Education Minister Gideon Sa'ar said on Wednesday that he planned to expand a pilot curriculum of student tours to the West Bank city of Hebron and the Tomb of the Patriarchs to all Israeli schools.

The controversial "heritage tours" curriculum has sparked protests by parents and teachers. About 1,000 parents signed an online petition against the tours "outside Israel's agreed borders."

"We're not forcing anything on anyone," Sa'ar told the Knesset plenum Wednesday. "All the participants are schools that are interested in going. The response has generally been over 90 percent in the participating schools.

So far some 2,000 students from state schools and around 1,000 from religious state schools have visited Hebron as part of the experimental program launched in March last year, according to Education Ministry figures. The program takes students to visit various sites in Hebron, such as the Tomb of the Patriarchs, the Beit Hadassah museum and the Avraham Avinu Jewish neighborhood.

"A Jewish community has existed in Hebron throughout the years, even when the people of Israel were in exile," Sa'ar said. "We believe Jews will always live in Hebron. We must not allow the Arabs to have the illusion it will ever be possible to uproot Jews from Hebron," he said.

The text preparing students for the tours says "the goal is to highlight and strengthen the awareness of the 'land of the patriarchs' and the patriarchs' tombs, which constitutes the cradle of the Jewish nation and a significant landmark in the Jewish people's formation."

The program emphasizes "the place's historic heritage and its importance in the Jewish people's history," "the Tomb of the Patriarch's importance - as the burial place of the nation's patriarchs and matriarchs," "Hebron, the city of David's reign in his early years," "the place to which people lifted their eyes for thousands of years and generations" and "Gush Etzion's place in the Jewish nation's formation."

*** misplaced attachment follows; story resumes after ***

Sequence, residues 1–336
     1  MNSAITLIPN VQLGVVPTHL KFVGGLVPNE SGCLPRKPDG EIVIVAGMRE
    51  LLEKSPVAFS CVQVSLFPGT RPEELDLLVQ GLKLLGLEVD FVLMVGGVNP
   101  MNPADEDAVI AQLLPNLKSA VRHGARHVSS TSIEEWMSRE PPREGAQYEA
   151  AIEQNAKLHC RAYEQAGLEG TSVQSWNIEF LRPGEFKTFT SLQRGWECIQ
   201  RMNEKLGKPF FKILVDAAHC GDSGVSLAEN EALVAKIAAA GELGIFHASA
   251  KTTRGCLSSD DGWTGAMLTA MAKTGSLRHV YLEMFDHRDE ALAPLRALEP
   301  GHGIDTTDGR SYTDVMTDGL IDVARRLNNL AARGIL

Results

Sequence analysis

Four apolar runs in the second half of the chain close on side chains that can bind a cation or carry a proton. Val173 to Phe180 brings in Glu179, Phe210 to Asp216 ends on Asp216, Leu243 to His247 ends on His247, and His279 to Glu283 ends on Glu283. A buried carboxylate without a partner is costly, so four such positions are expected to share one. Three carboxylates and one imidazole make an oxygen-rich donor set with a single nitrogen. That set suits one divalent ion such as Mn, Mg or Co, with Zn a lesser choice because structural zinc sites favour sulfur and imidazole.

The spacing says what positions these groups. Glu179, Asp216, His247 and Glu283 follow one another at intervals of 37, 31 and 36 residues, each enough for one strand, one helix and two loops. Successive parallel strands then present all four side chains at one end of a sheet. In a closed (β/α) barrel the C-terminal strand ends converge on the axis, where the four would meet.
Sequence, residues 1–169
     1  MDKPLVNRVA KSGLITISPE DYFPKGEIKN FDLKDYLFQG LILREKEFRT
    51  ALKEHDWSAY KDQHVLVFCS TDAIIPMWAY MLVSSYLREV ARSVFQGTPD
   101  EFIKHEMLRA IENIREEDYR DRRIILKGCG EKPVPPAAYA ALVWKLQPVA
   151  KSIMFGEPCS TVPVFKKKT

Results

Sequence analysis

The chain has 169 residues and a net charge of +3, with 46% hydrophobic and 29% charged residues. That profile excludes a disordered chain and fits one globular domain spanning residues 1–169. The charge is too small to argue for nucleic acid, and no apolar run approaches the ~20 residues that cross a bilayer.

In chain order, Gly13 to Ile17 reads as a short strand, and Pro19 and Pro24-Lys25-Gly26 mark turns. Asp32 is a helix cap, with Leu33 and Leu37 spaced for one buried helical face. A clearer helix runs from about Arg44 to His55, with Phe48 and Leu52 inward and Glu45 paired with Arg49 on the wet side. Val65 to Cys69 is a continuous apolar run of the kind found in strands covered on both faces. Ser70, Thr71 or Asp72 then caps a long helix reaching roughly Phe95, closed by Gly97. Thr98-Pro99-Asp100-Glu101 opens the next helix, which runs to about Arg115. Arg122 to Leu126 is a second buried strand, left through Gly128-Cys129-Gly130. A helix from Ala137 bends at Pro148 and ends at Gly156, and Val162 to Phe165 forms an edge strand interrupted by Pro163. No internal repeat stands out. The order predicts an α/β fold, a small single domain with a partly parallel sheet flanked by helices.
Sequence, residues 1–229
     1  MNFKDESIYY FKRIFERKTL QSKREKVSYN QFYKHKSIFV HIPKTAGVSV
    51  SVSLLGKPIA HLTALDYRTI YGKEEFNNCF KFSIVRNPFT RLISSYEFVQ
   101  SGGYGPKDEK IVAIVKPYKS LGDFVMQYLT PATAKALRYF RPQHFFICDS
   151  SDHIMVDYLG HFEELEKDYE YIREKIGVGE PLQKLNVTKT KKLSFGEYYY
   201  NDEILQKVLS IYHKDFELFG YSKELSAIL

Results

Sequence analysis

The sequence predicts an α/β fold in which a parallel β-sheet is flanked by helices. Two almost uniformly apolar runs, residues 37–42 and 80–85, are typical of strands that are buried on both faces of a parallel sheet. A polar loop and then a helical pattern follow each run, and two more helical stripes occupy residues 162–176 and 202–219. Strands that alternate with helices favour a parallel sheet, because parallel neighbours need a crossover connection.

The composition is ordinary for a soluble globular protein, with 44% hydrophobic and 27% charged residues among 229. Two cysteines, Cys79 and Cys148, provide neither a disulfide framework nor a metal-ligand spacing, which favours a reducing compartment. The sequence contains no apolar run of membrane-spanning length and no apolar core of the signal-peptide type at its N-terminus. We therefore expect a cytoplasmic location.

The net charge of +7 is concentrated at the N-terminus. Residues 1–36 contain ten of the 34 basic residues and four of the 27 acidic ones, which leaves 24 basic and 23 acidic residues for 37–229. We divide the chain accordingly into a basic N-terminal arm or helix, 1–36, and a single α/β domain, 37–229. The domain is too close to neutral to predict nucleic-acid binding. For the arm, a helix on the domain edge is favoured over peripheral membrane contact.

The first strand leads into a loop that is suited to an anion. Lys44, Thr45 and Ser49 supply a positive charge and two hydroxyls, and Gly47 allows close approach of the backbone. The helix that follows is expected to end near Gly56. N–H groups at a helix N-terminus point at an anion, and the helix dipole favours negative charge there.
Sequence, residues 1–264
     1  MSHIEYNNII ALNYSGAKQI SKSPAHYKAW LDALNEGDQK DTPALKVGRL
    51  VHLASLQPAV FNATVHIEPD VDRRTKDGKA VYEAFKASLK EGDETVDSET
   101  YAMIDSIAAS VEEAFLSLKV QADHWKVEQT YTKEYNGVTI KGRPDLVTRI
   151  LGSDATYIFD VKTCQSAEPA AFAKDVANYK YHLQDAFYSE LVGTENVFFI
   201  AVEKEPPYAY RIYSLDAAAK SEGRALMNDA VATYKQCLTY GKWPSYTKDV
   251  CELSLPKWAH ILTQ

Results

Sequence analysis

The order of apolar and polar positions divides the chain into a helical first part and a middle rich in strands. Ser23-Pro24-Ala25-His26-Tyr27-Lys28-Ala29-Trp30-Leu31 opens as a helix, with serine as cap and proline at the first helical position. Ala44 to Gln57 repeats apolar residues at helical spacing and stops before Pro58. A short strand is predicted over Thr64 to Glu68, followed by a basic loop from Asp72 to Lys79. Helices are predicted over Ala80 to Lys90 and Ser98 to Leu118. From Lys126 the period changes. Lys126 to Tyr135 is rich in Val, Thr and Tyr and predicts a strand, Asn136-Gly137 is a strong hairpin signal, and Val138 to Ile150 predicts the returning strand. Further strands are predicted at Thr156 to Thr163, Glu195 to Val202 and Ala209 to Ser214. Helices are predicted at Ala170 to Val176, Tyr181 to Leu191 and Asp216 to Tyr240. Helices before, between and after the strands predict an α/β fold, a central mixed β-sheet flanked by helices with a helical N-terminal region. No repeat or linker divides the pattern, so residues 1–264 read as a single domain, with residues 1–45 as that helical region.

Ahead of the current school year the Education Ministry prepared a new related program - a study workshop focusing on the mountain region as "the Jewish nation's cradle."

Students taking part in the workshop will be "taking responsibility" for strengthening their affiliation to the "mountain's" heritage, according to the the texts of the workshop program. Throughout the 47 pages, the term "mountain" appears in several places, but remains vague. For example, "the return to Judea and Samaria after the Six Day War created a new reality in the mountain areas," or "when it entered Canaan the nation of Israel first established itself in the central mountain."

The text also says "the Israeli nation's cultural, material and spiritual heritage originates in the nation's early settlement in the central mountain. The events that formed the nation of Israel took place in this region."

A teacher from Jerusalem who objects to Sa'ar's program said on Wednesday: "They're using education to do things that are not done even in politics. They're simply legitimizing things that are unacceptable in society."

"State schools never took students to the West Bank territories, mainly due to the political awareness that they were not part of Israel. It was taboo. Hebron is not like other places in the territories. Most of Israeli society sees it as untouchable, a place where crimes are committed. This is a basic blurring of all the boundaries. The students are not encouraged to ask questions or examine the program critically," she said.